05/01/2007 11:00PM

Horsemen ask Churchill to release Derby signal


A group of horsemen's associations on Wednesday joined together in asking that Churchill Downs make the signal for Saturday's Kentucky Derby available to all account-wagering platforms.

The request was made by the National Horsemen's Benevolent and Protective Association, the Thoroughbred Horsemen's Association, the Thoroughbred Owners of California, and the Thoroughbred Owners and Breeders Association. They asked Churchill Downs to make the signal available to Youbet.com and Television Games Network, two large account-wagering operations that have not reached an agreement with Churchill on the right to carry the Derby as well as the signals from other Churchill-owned tracks.

Last week, Youbet said it would refuse to negotiate with Churchill as long as its signal-selling partnership, TrackNet Media, required Youbet to sever its relationship with TVG in order to receive the rights to the signals TrackNet controls. TrackNet controls most of the signals for the tracks owned by Churchill and Magna Entertainment, two publicly owned racetrack operators.

Churchill had previously provided its signal to TVG, but the company is letting its current contracts expire as it launches its own account-wagering platform, Twinspires.com. That platform was launched on Wednesday.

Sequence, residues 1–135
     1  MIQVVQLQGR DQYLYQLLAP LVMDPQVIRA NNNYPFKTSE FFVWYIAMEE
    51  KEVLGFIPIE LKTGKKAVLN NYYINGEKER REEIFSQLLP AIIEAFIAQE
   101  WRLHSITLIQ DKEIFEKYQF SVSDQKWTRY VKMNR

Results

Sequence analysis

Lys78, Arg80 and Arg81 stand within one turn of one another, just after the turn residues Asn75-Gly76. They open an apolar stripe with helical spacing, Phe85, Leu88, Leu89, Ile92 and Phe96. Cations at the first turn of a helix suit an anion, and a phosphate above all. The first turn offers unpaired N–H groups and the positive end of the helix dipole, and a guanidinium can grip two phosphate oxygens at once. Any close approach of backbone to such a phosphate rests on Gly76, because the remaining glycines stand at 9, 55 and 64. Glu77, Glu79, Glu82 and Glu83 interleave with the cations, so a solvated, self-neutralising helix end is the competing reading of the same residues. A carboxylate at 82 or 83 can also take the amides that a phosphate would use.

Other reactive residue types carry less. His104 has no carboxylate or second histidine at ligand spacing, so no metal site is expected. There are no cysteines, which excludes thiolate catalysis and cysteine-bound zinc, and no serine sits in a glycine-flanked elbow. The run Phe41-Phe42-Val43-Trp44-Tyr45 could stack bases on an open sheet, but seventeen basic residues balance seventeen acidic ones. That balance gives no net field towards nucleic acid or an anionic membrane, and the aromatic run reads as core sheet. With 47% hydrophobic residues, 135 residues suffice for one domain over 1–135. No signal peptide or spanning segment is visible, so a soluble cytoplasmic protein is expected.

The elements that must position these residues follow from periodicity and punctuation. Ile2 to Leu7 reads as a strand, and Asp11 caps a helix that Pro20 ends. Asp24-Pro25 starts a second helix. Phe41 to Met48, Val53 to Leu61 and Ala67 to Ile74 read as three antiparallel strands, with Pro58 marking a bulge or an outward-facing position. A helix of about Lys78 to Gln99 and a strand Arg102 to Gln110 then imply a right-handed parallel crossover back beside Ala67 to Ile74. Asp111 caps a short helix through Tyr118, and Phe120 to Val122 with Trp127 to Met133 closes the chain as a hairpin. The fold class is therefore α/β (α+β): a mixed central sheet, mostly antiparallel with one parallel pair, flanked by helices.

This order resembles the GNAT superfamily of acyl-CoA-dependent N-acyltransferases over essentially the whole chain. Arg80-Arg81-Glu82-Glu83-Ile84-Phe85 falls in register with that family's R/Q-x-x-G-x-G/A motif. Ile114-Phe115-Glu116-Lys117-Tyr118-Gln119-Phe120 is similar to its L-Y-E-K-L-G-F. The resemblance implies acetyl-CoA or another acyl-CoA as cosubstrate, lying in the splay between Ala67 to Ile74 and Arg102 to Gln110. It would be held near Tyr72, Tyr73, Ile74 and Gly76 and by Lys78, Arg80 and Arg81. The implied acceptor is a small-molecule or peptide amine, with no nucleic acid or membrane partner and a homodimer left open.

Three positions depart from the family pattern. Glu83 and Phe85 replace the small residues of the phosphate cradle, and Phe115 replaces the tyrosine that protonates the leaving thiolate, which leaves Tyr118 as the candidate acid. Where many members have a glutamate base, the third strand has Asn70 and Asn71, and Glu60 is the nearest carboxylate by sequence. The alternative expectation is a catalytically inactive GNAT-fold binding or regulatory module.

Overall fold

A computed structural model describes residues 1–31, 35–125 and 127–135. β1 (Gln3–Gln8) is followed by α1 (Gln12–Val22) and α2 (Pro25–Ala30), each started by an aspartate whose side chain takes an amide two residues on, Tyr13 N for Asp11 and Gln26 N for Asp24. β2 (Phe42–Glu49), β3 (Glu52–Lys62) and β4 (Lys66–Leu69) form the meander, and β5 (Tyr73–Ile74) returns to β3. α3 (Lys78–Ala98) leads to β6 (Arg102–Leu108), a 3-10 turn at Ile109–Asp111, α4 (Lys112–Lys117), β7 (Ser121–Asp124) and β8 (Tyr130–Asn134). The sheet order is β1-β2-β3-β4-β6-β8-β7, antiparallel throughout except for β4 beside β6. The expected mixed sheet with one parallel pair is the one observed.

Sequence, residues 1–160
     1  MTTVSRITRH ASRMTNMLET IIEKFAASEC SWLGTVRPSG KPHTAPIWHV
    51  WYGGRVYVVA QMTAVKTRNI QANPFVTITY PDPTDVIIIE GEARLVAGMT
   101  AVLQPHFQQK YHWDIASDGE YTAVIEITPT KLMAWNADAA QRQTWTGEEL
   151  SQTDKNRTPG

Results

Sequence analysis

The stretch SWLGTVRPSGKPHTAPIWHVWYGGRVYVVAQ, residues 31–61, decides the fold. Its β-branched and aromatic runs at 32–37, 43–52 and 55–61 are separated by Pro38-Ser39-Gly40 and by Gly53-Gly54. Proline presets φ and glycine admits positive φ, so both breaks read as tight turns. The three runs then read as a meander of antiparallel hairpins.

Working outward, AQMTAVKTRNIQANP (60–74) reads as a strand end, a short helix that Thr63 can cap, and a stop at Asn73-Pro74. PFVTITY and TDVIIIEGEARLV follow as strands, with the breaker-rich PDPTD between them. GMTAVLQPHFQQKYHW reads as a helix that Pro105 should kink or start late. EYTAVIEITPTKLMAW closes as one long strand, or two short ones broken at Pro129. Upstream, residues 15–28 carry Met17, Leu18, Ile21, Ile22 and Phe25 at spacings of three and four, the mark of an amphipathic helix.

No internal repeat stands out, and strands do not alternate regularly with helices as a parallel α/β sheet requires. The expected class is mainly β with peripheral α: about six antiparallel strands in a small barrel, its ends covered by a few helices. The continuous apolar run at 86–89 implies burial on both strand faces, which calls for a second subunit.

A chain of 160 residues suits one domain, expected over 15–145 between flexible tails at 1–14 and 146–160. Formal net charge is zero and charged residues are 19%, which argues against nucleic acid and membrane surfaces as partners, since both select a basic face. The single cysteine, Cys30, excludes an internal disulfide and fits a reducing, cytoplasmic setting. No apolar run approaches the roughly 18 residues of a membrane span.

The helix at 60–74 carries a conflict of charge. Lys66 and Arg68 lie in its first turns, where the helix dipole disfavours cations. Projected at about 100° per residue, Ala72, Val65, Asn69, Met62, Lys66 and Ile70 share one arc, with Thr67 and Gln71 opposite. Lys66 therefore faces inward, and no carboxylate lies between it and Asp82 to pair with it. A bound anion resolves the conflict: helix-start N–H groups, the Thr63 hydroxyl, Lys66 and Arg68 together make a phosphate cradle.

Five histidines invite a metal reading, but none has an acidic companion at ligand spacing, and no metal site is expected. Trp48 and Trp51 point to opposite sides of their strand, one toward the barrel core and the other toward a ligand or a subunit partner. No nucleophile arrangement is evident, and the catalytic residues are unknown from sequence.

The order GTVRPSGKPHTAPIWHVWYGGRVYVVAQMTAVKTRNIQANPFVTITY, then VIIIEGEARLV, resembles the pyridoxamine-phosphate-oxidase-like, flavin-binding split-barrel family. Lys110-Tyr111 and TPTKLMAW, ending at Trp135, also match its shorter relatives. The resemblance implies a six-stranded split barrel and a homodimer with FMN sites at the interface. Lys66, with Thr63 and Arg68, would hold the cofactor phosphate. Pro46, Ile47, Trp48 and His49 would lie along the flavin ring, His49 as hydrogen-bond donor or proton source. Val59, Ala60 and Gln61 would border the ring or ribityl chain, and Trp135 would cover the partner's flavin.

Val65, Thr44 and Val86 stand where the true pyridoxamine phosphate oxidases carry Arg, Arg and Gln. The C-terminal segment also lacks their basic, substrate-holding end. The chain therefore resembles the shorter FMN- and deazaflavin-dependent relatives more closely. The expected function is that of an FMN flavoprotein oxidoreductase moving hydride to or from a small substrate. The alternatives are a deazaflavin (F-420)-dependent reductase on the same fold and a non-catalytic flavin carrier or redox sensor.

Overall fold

The statement also called for all of the Triple Crown races to be "off the negotiating table" for all account-wagering operators, which would require TVG to make the signal of the Belmont Stakes in June available to its competitors, including TrackNet.

"Citing the Triple Crown's history, its importance to current race fans and to the industry in general in raising awareness and creating new fans for the sport, these horsemen's groups are asking that while negotiations continue, the Triple Crown races should be made available to all distribution outlets," the statement read.

Horsemen's groups hold broad veto rights over racetrack signal agreements. The statement did not say that the horsemen would consider withholding some rights in response to the impasse.